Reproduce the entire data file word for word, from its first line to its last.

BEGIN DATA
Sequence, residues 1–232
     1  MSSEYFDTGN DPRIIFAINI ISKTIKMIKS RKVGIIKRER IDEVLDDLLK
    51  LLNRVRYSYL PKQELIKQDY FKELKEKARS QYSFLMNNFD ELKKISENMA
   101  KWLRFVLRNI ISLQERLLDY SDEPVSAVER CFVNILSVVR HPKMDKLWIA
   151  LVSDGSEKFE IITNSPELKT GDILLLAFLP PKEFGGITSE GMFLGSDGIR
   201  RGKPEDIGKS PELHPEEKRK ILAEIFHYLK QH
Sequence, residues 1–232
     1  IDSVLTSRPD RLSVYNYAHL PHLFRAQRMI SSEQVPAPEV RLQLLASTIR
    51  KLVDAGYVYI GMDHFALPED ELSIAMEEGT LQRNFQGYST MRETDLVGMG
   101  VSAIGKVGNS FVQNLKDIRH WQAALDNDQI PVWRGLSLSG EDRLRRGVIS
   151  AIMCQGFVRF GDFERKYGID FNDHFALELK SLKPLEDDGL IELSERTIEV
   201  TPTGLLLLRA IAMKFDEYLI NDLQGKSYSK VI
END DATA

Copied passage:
Sequence, residues 1–232
     1  MSSEYFDTGN DPRIIFAINI ISKTIKMIKS RKVGIIKRER IDEVLDDLLK
    51  LLNRVRYSYL PKQELIKQDY FKELKEKARS QYSFLMNNFD ELKKISENMA
   101  KWLRFVLRNI ISLQERLLDY SDEPVSAVER CFVNILSVVR HPKMDKLWIA
   151  LVSDGSEKFE IITNSPELKT GDILLLAFLP PKEFGGITSE GMFLGSDGIR
   201  RGKPEDIGKS PELHPEEKRK ILAEIFHYLK QH
Sequence, residues 1–232
     1  IDSVLTSRPD RLSVYNYAHL PHLFRAQRMI SSEQVPAPEV RLQLLASTIR
    51  KLVDAGYVYI GMDHFALPED ELSIAMEEGT LQRNFQGYST MRETDLVGMG
   101  VSAIGKVGNS FVQNLKDIRH WQAALDNDQI PVWRGLSLSG EDRLRRGVIS
   151  AIMCQGFVRF GDFERKYGID FNDHFALELK SLKPLEDDGL IELSERTIEV
   201  TPTGLLLLRA IAMKFDEYLI NDLQGKSYSK VI